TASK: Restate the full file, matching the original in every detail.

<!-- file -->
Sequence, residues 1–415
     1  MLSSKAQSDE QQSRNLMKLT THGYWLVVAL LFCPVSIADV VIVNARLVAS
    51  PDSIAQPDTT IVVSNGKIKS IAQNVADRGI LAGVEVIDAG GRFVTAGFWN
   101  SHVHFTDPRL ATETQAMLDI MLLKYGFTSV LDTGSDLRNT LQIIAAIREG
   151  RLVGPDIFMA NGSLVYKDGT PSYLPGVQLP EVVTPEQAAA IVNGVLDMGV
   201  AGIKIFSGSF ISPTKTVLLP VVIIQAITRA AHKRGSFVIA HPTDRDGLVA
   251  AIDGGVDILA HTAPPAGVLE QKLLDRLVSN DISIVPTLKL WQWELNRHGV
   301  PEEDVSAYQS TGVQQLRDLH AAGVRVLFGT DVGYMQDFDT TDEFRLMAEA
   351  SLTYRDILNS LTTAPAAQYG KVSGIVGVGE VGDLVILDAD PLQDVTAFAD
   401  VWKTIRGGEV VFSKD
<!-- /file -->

Sequence, residues 1–415
     1  MLSSKAQSDE QQSRNLMKLT THGYWLVVAL LFCPVSIADV VIVNARLVAS
    51  PDSIAQPDTT IVVSNGKIKS IAQNVADRGI LAGVEVIDAG GRFVTAGFWN
   101  SHVHFTDPRL ATETQAMLDI MLLKYGFTSV LDTGSDLRNT LQIIAAIREG
   151  RLVGPDIFMA NGSLVYKDGT PSYLPGVQLP EVVTPEQAAA IVNGVLDMGV
   201  AGIKIFSGSF ISPTKTVLLP VVIIQAITRA AHKRGSFVIA HPTDRDGLVA
   251  AIDGGVDILA HTAPPAGVLE QKLLDRLVSN DISIVPTLKL WQWELNRHGV
   301  PEEDVSAYQS TGVQQLRDLH AAGVRVLFGT DVGYMQDFDT TDEFRLMAEA
   351  SLTYRDILNS LTTAPAAQYG KVSGIVGVGE VGDLVILDAD PLQDVTAFAD
   401  VWKTIRGGEV VFSKD